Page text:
Guest blog: Why you should write board minutes, even if you’re a startupOct 11, 2015
As a start-up, you may consider board minutes a necessity that only large publicly traded companies should produce, but not only is it a legal requirement, it is also a significant benefit for the growth of your company.
Structuring your discussions with fellow directors is a good idea and board minutes serve to document important decisions made between you. They also help keep a record of who was involved and what documents were considered to enable the board to arrive at a particular decision.
A common practice often adopted by start-ups is to appoint an advisor or mentor, or sometimes an investor, to the board to provide external expertise from within a specific industry and guidance on growing the business. That individual however is likely to be busy juggling multiple commitments, so not only do board minutes benefit you internally, they also keep non-executive directors engaged between meetings, especially if that director is unable to attend every meeting.
Inevitably, as your business grows, various commercial opportunities will present themselves, some of which will be time-sensitive and require quick decision making by the directors. Accurate board minutes are important in these situations, as they should record why it is considered the contract is in the best interest of the company. Even if the contract does not prove as fruitful as the board had hoped, the decision-making process will be recorded for all at the company, especially shareholders, to see why this decision was made.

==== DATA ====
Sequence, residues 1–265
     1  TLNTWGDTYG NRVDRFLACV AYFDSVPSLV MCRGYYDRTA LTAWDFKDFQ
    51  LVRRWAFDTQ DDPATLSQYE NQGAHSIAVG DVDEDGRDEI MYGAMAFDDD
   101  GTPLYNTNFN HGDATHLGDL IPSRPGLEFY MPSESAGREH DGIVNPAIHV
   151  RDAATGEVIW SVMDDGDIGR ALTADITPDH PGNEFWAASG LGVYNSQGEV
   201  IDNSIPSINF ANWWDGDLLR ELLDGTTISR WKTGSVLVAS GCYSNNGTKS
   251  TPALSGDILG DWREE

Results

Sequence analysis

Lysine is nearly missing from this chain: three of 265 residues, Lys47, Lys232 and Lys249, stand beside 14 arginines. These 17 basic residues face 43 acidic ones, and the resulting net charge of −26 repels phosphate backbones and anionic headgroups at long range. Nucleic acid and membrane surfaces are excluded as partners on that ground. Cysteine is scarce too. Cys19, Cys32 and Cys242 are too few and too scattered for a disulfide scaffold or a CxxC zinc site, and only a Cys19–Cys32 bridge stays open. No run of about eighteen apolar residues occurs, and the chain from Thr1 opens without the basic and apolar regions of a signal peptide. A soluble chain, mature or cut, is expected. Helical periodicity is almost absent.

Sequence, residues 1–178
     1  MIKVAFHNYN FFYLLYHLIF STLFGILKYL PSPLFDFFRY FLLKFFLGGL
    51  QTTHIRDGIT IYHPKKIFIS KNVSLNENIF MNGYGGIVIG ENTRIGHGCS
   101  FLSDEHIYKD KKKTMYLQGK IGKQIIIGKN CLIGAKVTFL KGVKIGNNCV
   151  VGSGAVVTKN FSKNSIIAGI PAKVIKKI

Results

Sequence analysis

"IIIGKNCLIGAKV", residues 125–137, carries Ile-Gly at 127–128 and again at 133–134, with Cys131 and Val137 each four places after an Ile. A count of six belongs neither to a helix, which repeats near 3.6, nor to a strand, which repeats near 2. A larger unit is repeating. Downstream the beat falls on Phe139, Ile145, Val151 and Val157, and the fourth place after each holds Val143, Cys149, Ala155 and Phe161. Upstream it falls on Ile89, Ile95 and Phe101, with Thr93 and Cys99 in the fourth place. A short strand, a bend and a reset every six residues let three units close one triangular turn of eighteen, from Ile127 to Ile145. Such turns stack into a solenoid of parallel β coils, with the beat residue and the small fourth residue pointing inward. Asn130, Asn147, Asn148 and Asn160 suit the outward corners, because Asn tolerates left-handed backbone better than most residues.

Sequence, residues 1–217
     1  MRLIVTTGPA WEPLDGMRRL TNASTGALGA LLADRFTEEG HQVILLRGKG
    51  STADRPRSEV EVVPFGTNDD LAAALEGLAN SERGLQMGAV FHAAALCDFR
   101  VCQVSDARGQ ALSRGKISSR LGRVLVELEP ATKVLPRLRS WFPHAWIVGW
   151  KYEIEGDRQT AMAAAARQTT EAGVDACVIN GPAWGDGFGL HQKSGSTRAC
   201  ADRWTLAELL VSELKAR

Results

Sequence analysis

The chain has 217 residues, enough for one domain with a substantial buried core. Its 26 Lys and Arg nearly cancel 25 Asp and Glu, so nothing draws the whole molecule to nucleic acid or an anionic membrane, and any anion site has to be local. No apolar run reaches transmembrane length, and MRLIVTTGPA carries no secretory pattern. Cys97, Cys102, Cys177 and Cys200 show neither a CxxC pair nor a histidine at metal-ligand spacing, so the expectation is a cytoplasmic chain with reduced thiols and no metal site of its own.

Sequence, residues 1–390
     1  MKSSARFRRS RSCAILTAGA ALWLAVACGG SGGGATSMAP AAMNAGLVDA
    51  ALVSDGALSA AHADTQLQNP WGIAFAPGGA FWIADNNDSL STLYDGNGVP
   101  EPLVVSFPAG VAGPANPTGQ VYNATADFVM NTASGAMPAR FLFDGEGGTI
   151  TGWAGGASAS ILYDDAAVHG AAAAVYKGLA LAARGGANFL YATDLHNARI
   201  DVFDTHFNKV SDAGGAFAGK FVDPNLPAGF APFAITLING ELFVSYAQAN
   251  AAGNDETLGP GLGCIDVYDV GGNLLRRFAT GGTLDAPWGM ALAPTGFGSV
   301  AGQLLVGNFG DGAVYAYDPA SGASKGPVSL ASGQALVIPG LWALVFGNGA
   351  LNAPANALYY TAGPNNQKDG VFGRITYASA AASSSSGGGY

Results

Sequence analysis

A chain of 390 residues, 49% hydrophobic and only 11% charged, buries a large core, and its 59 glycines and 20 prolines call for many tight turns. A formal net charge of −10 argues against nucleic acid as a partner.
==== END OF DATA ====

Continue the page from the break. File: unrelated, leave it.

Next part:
Whether you are a growing company or an established multi-national, you never know what is around the corner and having detailed board minutes could short cut a lengthy litigation process in the event of a dispute if it is clear from the minutes how decisions were made. Minutes can also be evidence of whether shareholder approval was sought on a particular point in the event of a dispute between the shareholders and directors of a company.
Last but not least, good corporate governance is best practice and will make your company more attractive to potential investors. Preparing board minutes demonstrates that the board makes decisions affecting the company in a structured and well-considered manner.
Victoria Lewis, Solicitor, TLT
TLT are committed to supporting early-stage companies and entrepreneurship.